It took more than a century to get here, but last year finally made it obvious: It’s time to throw out the Nobel Prize in literature.
In October, Horace Engdahl, a permanent member of the Swedish Academy, declared that Americans were “too insular” to participate in the “big dialogue” of world literature. “That ignorance is restraining,” he sniffed.
For years, there’d been rumors that the Swedes saw America as a vast wilderness of provincialism, but with that pronouncement, the Academy’s own narrow-mindedness came into display. The prejudices that have long governed the Nobel’s deliberations are now as open and public as a festering sore.
I’m not proposing to eliminate the prize because one official branded Americans lumbering ignoramuses. I’m doing it because, since Alfred Nobel, the chemist who invented dynamite, founded his famous prize, the Nobel has shown a breathtaking proclivity for exalting minor literary talent. From first to last — from the forgettable Sully Prudhomme (1901) to the erratic and treacly J.M.G. Le Clézio (2008) — the choices have shown a lack of critical judgment and a surfeit of political zeal.
How could judges who profess to know literature shun Tolstoy, James Joyce, Proust, Kafka, Nabokov or Henry James? If the goal, as the original mandate proclaimed, was to identify those who have “conferred the greatest benefit on mankind,” why extol the muddled pornography of Elfriede Jelinek? Or the unremarkable output of Eyvind Johnson and Harry Martinson, former judges themselves?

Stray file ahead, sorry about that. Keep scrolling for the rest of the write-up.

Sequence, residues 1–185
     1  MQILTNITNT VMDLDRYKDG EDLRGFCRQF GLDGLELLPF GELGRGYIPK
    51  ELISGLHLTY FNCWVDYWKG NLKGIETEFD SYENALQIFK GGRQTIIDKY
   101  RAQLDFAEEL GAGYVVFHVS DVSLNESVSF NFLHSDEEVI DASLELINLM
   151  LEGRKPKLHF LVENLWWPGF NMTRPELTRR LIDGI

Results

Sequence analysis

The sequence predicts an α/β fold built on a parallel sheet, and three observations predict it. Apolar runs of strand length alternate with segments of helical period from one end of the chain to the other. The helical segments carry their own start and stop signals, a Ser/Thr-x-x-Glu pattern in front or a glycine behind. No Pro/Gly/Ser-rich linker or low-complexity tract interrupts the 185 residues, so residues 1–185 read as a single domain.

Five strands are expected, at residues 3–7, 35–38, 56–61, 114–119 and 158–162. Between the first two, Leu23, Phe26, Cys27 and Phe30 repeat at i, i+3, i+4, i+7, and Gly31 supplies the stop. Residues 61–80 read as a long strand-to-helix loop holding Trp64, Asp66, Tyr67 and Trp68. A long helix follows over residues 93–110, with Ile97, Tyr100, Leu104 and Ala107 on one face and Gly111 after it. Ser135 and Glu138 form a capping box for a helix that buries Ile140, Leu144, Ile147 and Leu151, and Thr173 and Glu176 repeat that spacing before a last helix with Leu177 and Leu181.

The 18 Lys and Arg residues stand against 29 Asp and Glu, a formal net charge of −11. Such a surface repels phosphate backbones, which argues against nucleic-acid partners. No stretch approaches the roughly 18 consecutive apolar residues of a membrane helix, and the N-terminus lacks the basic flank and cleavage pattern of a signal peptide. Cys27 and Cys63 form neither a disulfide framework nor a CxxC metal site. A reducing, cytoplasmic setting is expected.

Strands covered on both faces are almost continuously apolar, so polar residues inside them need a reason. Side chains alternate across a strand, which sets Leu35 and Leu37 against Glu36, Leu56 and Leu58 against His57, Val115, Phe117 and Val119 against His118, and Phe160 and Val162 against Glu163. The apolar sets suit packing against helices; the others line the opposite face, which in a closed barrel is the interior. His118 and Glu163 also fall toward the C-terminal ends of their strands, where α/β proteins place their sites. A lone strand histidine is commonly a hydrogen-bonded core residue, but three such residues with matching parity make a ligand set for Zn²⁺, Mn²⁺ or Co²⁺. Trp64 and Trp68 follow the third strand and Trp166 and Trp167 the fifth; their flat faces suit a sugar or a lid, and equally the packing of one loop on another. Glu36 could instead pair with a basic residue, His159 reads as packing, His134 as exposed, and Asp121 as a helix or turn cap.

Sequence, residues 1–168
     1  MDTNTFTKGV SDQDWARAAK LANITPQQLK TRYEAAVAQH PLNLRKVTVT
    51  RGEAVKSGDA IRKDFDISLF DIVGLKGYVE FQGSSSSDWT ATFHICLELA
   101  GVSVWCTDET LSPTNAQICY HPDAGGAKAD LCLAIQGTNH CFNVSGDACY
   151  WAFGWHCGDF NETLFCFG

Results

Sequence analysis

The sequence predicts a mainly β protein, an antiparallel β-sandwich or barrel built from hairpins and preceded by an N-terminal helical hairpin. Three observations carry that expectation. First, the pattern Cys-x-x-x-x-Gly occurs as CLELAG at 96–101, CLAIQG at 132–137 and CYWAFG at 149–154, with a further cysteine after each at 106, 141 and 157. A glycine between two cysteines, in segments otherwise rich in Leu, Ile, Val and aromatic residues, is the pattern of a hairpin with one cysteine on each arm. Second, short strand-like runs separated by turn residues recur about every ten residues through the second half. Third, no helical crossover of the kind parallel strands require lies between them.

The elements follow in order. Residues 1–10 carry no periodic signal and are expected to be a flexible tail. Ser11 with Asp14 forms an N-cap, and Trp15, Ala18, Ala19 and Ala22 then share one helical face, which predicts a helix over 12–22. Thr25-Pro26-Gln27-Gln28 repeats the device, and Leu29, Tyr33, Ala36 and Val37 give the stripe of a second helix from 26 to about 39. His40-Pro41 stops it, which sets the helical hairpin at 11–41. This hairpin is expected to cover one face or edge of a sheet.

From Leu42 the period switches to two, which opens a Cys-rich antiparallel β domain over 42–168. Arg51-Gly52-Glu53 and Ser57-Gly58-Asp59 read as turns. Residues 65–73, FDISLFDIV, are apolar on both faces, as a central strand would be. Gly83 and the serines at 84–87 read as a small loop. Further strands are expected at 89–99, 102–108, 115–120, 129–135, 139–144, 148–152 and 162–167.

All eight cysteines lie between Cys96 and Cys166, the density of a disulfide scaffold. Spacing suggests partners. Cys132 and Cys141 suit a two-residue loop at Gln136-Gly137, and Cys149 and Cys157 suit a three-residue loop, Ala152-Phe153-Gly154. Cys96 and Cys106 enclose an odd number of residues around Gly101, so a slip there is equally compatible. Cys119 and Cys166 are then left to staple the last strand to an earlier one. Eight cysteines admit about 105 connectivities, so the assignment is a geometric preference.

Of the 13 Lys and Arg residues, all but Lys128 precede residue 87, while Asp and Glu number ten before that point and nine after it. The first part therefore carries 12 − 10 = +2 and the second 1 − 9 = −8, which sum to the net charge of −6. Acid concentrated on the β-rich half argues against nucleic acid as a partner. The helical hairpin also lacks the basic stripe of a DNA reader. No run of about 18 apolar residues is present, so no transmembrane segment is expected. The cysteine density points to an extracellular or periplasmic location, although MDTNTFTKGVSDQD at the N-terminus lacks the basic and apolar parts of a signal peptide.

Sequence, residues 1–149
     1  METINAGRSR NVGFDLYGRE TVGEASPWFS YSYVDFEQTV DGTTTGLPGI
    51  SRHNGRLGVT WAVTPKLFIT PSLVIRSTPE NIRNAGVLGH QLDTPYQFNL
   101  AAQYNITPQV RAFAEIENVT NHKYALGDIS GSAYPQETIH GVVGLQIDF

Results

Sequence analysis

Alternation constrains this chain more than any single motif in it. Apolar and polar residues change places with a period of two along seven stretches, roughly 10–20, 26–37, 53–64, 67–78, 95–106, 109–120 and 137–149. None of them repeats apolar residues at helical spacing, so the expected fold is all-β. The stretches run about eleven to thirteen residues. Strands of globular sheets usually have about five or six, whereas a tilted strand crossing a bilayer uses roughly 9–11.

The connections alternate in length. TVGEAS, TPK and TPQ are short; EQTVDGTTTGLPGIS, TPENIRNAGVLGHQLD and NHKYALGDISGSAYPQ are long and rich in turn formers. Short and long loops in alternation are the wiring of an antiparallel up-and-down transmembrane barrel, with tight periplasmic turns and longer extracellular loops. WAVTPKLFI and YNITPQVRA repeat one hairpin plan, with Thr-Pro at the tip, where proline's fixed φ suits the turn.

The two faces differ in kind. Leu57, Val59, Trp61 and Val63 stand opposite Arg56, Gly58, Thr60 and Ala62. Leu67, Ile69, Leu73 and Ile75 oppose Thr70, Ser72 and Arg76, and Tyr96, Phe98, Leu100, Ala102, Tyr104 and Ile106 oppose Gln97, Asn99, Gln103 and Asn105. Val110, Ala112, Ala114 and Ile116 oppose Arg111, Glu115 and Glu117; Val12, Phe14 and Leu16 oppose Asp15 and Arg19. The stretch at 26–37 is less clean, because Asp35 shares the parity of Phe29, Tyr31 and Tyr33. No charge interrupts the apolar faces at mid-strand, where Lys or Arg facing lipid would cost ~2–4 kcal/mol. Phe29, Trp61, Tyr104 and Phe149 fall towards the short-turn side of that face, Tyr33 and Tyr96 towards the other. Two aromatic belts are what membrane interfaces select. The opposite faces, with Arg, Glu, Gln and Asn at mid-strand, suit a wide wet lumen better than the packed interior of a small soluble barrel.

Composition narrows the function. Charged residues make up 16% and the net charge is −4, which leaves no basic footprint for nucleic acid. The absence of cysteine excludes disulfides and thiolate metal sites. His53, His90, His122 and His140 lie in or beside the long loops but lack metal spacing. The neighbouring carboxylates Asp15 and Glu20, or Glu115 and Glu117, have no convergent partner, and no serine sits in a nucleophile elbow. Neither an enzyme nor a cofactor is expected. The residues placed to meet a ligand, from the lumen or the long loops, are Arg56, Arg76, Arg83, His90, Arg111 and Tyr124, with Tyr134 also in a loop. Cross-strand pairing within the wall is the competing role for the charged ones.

Often, the Academy lionizes those in line with its own left-wing beliefs: Sinclair Lewis, Gunter Grass, Jose Saramago, Pablo Neruda or Jean-Paul Sartre. The native-born Americans who have wrested the laurels make for a motley crew: the merely average and flagrantly anti-capitalist John Steinbeck, for instance, and the mediocre but multiculturally earnest Pearl S. Buck.
After World War II, the judges did choose a few giants: Herman Hesse, Andre Gide, T.S. Eliot and William Faulkner. But what of Joseph Conrad, Graham Greene or Jorge Luis Borges? Or E.M. Forster, Mikhail Bulgakov and Willa Cather? By my count, 15 of the 105 laureates deserved the prize. That’s hardly an efficient way to recognize excellence. As George Bernard Shaw, himself a laureate, once said: Only a dynamiter or a fiend could have invented it.
Marie Arana, the former editor of The Washington Post’s Book World, is the author of “Lima Nights.”